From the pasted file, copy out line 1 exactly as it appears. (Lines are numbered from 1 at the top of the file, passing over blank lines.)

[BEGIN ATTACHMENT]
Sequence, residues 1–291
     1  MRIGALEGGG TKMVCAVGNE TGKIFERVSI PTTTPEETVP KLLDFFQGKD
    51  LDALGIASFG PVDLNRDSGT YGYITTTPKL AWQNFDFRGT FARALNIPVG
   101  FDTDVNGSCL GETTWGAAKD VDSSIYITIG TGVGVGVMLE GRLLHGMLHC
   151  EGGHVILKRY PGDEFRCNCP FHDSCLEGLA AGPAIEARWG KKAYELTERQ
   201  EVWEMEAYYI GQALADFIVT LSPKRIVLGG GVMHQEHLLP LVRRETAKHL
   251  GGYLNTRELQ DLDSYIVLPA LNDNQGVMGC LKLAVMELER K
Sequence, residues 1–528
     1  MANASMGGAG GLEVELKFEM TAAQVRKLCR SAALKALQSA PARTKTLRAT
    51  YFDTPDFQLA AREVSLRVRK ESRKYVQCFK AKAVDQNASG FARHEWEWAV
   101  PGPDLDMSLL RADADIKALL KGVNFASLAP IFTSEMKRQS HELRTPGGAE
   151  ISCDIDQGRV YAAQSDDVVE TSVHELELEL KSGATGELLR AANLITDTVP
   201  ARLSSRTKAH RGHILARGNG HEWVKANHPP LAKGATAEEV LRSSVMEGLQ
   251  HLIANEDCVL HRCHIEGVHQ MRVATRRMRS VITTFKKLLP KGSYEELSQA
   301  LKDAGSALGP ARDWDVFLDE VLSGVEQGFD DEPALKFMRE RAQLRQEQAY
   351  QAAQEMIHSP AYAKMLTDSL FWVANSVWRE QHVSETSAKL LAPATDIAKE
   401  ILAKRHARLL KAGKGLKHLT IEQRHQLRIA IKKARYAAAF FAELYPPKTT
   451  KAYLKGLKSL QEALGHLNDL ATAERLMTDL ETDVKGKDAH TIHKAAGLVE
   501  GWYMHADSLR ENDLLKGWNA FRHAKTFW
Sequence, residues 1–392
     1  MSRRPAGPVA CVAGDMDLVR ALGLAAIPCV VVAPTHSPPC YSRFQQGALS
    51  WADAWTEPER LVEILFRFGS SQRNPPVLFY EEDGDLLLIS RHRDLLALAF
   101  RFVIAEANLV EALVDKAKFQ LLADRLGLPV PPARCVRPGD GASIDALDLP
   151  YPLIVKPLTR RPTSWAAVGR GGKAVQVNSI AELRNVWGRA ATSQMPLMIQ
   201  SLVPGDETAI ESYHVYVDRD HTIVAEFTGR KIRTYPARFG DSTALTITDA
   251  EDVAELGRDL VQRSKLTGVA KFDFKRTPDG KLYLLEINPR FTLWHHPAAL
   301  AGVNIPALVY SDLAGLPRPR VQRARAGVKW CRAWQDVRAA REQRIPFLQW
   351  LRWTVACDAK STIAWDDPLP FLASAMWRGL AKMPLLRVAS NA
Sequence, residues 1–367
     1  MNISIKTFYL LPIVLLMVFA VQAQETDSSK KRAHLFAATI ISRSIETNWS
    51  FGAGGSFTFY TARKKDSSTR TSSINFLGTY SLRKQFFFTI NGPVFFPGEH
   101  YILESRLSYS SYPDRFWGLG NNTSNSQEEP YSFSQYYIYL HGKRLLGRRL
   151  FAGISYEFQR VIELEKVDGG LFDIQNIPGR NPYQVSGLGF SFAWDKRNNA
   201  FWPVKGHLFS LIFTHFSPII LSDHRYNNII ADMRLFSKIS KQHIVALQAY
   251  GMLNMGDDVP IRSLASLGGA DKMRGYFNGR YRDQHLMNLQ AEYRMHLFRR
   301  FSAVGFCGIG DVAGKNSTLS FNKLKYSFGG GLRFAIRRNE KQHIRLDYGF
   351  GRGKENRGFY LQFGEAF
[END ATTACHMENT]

Sequence, residues 1–291